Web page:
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Mother Teresa – A Saint?

Category Articles
Date October 9, 2007

Is it ever right to question one’s standing with God? Recently the world was informed about Mother Teresa’s inner life as a nun in the Roman Catholic Church. Mother Teresa gained world-wide recognition for her labours amongst the poor in Calcutta. Truly, her efforts on behalf of the poor and the unborn are worthy of high commendation. Yet in a recent release of her diaries, we see someone whose spiritual life was seemingly without a true knowledge of the way of salvation.

Her letters and thoughts are found in a recently published book Mother Teresa: Come be My Light in which she admits that she ‘had not faith.’ Her letters reveal that for over fifty years she sought Christ but came to the conclusion that he was ‘the Absent One’. Her prayers to God for forgiveness only deepened her sorrow, and upon receiving an important reward on one occasion she confessed, ‘This means nothing to me, because I don’t have him’. The letters further reveal that her outward demeanour to the work did not reveal the sadness of her heart. She said that her ‘smile was a fake’.

These recent revelations have awakened a great deal of speculation and defence of Mother Teresa. For example, Charles Colson in BreakPoint (Aug. 29/07) writes: ‘So what do these letters reveal? That one of the greatest saints of the 20th Century had doubts. At times, she even doubted the existence of God. Imagine that.’ Colson goes on to say, ‘Here is more news: Mother Teresa struggled with depression. When you wrestle with the devil surrounded by human misery, you might have good cause to be depressed.’ And I would concur with brother Colson in that it would be rare among Christ’s followers never to have doubts or suffer from bouts of depression. In fact the worthy Doctor Martyn Lloyd-Jones did a series of sermons on the soul that finds itself downcast and despondent, with some wonderful Scriptural remedies.

But is it wrong to ask if there is another reason for Mother Teresa’s inner doubt and sadness? Mother Teresa believed that she became a Christian when she was sprinkled as a baby by a Roman priest. We know from Scripture this is a deception that is without any biblical support. In time she became a nun and took vows of chastity to become the holy Bride of Christ. A further deception, as the Bible is clear that all the redeemed are the Bride of Christ. (Revelation 19).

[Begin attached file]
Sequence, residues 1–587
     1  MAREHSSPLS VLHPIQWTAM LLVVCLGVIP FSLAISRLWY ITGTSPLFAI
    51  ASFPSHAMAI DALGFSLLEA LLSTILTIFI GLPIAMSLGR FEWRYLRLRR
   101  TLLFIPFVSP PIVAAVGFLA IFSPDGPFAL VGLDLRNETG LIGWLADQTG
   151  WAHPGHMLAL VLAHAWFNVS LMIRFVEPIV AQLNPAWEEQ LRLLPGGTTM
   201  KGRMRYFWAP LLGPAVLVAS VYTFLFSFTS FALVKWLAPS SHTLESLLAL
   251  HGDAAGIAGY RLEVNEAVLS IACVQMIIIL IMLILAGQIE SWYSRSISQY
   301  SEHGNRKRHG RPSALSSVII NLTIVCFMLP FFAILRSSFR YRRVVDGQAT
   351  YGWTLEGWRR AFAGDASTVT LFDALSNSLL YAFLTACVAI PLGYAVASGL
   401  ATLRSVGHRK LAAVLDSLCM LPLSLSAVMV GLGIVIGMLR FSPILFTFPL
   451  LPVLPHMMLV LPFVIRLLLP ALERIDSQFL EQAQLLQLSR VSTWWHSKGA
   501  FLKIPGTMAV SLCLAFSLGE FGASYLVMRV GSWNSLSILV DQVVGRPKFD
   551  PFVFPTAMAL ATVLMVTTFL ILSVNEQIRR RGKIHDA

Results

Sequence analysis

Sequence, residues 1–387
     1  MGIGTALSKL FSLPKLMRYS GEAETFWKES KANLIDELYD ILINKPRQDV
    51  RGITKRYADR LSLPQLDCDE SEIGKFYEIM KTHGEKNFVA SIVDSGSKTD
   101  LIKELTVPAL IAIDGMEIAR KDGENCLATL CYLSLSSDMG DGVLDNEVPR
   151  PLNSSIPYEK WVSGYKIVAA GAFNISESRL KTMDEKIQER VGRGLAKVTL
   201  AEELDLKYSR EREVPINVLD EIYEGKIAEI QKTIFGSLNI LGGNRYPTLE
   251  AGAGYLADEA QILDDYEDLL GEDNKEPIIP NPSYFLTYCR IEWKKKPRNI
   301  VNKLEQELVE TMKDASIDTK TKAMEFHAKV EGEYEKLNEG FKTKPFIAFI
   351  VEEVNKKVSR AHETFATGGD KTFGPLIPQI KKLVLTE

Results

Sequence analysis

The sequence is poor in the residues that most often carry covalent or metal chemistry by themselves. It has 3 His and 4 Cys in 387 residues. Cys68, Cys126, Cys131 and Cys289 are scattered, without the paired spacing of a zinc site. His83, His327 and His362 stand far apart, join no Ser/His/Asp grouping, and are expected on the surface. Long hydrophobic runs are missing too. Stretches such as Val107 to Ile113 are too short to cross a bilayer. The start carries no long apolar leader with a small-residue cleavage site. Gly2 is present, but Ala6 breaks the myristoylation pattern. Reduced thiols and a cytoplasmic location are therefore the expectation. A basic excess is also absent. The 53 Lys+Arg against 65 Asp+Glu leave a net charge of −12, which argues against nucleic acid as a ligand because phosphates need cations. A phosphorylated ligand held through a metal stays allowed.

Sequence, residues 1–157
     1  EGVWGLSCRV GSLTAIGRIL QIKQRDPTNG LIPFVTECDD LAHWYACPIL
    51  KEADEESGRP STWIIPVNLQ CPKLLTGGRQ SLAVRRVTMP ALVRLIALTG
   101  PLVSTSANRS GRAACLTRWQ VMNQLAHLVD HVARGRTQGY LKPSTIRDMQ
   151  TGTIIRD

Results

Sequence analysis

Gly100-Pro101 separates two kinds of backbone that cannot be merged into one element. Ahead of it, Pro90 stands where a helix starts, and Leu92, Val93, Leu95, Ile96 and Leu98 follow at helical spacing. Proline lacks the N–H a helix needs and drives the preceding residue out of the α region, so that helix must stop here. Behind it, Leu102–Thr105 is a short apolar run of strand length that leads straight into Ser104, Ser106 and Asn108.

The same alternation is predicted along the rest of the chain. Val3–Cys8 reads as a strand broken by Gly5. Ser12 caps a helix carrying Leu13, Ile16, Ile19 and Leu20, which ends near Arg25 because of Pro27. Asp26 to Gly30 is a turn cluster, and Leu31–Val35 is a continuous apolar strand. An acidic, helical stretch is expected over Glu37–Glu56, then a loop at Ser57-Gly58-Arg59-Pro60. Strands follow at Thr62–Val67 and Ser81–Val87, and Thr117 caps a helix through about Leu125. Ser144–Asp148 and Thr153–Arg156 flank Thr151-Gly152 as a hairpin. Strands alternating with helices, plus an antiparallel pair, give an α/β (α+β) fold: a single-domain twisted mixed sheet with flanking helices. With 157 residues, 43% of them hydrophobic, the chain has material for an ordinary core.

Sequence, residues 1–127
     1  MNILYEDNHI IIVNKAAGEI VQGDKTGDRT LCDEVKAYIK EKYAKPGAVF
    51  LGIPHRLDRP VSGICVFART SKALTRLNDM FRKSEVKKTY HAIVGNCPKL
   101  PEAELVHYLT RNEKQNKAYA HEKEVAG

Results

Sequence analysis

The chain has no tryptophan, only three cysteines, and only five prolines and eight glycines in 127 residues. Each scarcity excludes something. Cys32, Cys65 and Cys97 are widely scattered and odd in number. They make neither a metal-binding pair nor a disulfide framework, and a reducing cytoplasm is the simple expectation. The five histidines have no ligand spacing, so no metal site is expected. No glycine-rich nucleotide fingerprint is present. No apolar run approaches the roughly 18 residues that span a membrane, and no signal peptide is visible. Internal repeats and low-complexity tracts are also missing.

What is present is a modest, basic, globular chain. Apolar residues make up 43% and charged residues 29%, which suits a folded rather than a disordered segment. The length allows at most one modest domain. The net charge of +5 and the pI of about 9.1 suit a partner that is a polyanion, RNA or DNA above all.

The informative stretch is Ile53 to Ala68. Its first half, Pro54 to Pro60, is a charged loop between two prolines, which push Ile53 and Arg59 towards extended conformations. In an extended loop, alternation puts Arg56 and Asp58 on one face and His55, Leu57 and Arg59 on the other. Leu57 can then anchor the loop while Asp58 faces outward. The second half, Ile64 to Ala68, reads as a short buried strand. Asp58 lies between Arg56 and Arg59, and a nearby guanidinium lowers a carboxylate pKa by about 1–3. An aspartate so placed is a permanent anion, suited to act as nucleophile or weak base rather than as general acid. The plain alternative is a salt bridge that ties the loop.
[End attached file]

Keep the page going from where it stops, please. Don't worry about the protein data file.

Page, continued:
She partook of the ‘Eucharist’ and believed the wafer to be the actual body of Christ, yet confessed she had more joy in her nothingness than in the ‘mass’ (Time Sept.3/07), And she also confessed that her cries for forgiveness only deepened her depression as this sad quote reveals, ‘If there be a God – please forgive me. When I try to raise my thoughts to heaven, there is such convicting emptiness that those very thoughts return like sharp knives which hurt my very soul. How painful is this unknown pain. I have no faith.’

Yes, it is possible for the saints of God to fall into dryness, depression and the black night of the soul. But is it also possible that Mother Teresa was never converted at all, and received no light from the deceptions practiced by Rome? Can we truly say that someone knows Christ when her depression is lifted by praying to the Pope through whose mediatorial efforts she received assurance that her work on earth was pleasing to the Lord? Is this the mark of one who knows the Christ of the Bible?

It is interesting to contemplate that Mother Teresa could not have had assurance that her sins were forgiven and she was going to heaven, because such assurance is considered to be ‘anathema’ in the eyes of the Church to which she belonged. The Church of Rome loves doubt, and has more interest in doubt than living faith, because doubt keeps you dependent on the ministry of priest and Pope. In fact the doubt of Mother Teresa is now raised to new heights of dishonourable praise if not blasphemy. So we are told that such doubts as Mother Teresa had are ‘purgative’ and also ‘reparative’ and they continue after ‘union’ with Christ. Meaning her sadness and darkness were actually signs she was a special saint whose steadfastness brings her even closer to the purity of Christ and Mary.

This is all very sad, but we must not exalt human beings like Mother Teresa, and give to her a free pass to heaven because of a work done amongst the poor. She was a sinner who needed true shepherds to guide her to Jesus Christ as the sole and sufficient Saviour of the lost. I am told that John MacArthur had opportunity to present the glorious gospel of Jesus Christ to Mother Teresa, and she rejected it. To accept Christ she would have had to renounce the whole Catholic deception and the pride of her own spiritual works, and this she was unwilling to do.

For us the lessons are at least two: One: we need to ask ourselves whether we who know Christ as Lord and Saviour are as dedicated to his cause, and as sacrificial, as a Mother Teresa who knew not the truth of God in Christ. And two: does not her sad ‘angst’ of soul cause us to see that we still have a work to do in witnessing to our Catholic neighbours? For clearly their bondage is great, and they need the light of Scripture to know God’s forgiveness and to have the assurance that their souls are safe in Christ.

Brian Robinson is pastor of the Reformed Baptist Church in Pickering, Ontario, and Editor of the Sovereign Grace Journal of Canada, from the September 2007 issue of which this article is taken, with permission.

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